Cole Miller's earliest golf memory is from when he was 5 years old.
He was in his yard playing with a club his father Carl had designed when he surprised himself as well as his parents and caught one on the sweet spot.
"I wasn't paying attention to where I was aiming," said Miller. "I hit it right into my mom's Durango. I hit it just perfect. I thought my parents were going to yell and scream at me. My dad came out. He had seen the shot and he actually gave me a high five."
From then on, Miller learned to pick a target and send the ball soaring toward it. By the end of his eighth-grade year he had already made two holes in one.
The Northwestern senior hit the high school ranks four years ago and was his team's top player immediately. As a sophomore he won his first Colonial League and District 11 titles and made his first trip to regionals and states.
As a junior, Miller won leagues again, took second at districts and went on to second place in the PIAA Class AA Championship.
Last fall, in his final high school campaign, Miller had his best season. He won leagues, districts and regionals before taking second again at states.
His season earned him a third straight TIMES NEWS Golfer of the Year honor.
"I feel really great about my senior season," he said. "I accomplished a ton of goals. The only one I let slide was to win states. But I put on a good showing out at states and that's all I could really ask for.
"I got to spend my last season with a lot of my friends on the golf team. To play with them, have fun and be competitive was the perfect way to end my high school golf career."
Miller also helped put the young Northwestern golf program on the map. He had one of the best No. 2 players around in Nick Vecellio, and they led the Tigers to two straight Colonial League team tournaments as well as last year's District 11 team tournament, the first for the program.
During that time the Penn State-bound Miller has kept honing his game. He's set course records. He's won club championships. He's won in junior golf. He's learned to hit nearly all of the shots required for players that want to move on to the next level.
One key to his success is staying grounded. He takes one shot at a time, one round at a time, one event at a time. He keeps working hard and seldom takes time to bask in the glory of what he's achieved.
"Sometimes when I look back I'm a little shocked," he said. "It feels like when you leave the golf course you always think about the couple things you could have improved on instead of what you just accomplished."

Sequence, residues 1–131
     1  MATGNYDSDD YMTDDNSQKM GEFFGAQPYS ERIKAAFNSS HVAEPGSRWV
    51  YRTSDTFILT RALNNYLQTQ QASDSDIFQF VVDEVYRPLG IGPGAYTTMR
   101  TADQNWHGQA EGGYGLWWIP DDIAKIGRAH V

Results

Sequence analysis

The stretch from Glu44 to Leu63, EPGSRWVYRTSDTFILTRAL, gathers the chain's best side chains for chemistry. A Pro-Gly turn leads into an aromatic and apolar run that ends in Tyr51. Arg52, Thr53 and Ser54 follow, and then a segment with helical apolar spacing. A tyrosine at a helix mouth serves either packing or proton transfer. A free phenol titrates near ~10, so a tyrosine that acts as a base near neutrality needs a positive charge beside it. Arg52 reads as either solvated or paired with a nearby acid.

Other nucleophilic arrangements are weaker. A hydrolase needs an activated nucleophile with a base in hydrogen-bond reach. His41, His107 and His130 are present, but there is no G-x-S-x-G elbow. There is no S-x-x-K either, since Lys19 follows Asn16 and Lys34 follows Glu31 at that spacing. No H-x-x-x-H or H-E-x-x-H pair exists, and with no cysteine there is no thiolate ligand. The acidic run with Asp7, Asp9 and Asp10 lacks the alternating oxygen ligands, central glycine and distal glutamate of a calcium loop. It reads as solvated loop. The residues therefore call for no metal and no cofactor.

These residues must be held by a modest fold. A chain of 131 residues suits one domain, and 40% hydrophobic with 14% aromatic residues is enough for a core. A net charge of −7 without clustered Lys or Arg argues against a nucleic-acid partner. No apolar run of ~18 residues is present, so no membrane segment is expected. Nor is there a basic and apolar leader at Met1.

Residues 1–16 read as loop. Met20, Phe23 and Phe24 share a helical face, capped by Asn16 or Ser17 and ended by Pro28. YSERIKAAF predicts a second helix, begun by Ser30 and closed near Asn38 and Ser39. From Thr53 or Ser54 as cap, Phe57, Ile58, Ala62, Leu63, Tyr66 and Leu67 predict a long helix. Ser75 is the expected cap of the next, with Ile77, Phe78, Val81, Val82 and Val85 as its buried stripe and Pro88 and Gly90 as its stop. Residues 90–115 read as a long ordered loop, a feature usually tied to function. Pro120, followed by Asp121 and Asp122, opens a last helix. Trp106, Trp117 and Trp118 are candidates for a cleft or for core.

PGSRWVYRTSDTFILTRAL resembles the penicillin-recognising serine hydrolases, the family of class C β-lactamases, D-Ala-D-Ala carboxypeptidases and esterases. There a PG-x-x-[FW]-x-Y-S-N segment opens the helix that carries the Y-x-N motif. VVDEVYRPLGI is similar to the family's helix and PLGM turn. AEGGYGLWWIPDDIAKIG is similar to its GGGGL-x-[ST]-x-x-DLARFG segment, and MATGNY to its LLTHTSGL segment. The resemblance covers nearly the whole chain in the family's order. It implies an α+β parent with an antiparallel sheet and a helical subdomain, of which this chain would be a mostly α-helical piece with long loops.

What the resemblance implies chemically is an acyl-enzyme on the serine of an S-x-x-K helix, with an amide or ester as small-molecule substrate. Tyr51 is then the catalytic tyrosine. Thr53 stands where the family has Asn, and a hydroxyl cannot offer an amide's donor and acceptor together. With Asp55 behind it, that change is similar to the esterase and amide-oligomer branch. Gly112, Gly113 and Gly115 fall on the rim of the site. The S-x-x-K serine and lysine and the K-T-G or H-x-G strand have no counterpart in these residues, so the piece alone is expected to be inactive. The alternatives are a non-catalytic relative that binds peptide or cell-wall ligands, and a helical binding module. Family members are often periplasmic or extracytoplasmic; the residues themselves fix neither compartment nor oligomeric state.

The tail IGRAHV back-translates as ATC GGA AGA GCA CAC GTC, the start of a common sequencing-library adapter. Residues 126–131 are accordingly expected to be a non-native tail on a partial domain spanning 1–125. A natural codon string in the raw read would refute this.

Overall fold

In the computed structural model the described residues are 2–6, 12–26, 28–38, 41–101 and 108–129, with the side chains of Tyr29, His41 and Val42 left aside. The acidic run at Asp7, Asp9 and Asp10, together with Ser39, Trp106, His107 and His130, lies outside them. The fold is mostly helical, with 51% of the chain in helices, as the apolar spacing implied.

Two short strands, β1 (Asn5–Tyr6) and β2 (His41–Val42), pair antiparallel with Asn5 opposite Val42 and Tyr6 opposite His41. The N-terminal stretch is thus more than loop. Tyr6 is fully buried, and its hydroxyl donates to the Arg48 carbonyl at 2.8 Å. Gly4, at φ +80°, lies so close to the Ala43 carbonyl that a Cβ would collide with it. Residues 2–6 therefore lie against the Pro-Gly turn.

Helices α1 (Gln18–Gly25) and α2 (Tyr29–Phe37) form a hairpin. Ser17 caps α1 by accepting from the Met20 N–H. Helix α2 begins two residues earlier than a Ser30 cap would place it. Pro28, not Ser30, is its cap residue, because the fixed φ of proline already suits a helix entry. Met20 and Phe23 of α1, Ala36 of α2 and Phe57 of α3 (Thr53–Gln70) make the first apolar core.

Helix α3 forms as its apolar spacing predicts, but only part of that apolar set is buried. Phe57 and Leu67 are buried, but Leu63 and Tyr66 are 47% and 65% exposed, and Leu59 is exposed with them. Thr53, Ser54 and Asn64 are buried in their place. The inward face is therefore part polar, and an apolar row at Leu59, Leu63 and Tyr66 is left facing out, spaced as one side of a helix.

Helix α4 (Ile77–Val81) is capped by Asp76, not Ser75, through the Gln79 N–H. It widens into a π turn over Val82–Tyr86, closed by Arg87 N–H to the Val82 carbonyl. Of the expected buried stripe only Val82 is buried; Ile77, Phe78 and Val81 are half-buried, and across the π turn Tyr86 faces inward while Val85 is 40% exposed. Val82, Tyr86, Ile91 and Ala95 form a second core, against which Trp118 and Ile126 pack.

Miller posted an under-par scoring average each of the last two season, 67 last fall and 66.5 as a sophomore.
"But this year we had one less match," Miller said.
That's the quiet confidence evident in so many great golfers. Miller knows that just one more match, just one more chance to fire a 65 or lower, and his average would have improved. And improvement is always the top goal.
His confidence is well-founded. He's been successful at the game all the way back to his first year of junior golf.
At 9 years old he started playing Golf Association of the Lehigh Valley tournaments.
"My third tournament I went on a run where I won like five in a row or six in a row," he said. "I had a lot of fun playing those nine-hole matches."
Unlike a lot of great young golfers, Miller hasn't been over-coached into a mechanical swing. He gets guidance from his father and from Northwestern's second-year head coach Tim Miller.
"My dad and Tim like to look at my swing but we never really change anything," Cole said. "What they do change is my approach to the game and the way I see different shots."
Miller has been stepping up his tournament schedule every year and this year he's making a big leap. He will attempt to qualify for the highest level of amateur tournaments, USGA events like the Public Links Championship and the National Amateur Tournament.
It all started on that day in his yard with a shortened club. But there's been a lot of work that's gone into Miller's career. His parents, Carl and Jenny, didn't mind the dent in the car, or the hundreds, if not thousands of miles driving to tournaments or just over to Blue Ridge Country Club for some practice.
"I owe my entire golf career to them," said Cole. "They basically allowed me to play golf from a young age and just supported me with it. My dad was always there to help me with anything I wanted to do with my swing or any tournaments I wanted to play."
Miller's next stop is college golf. After that, he plans to make every effort to continue his career at the highest level.
"That would be my dream," he said. "I have a chance to live my dream if I just keep working at it."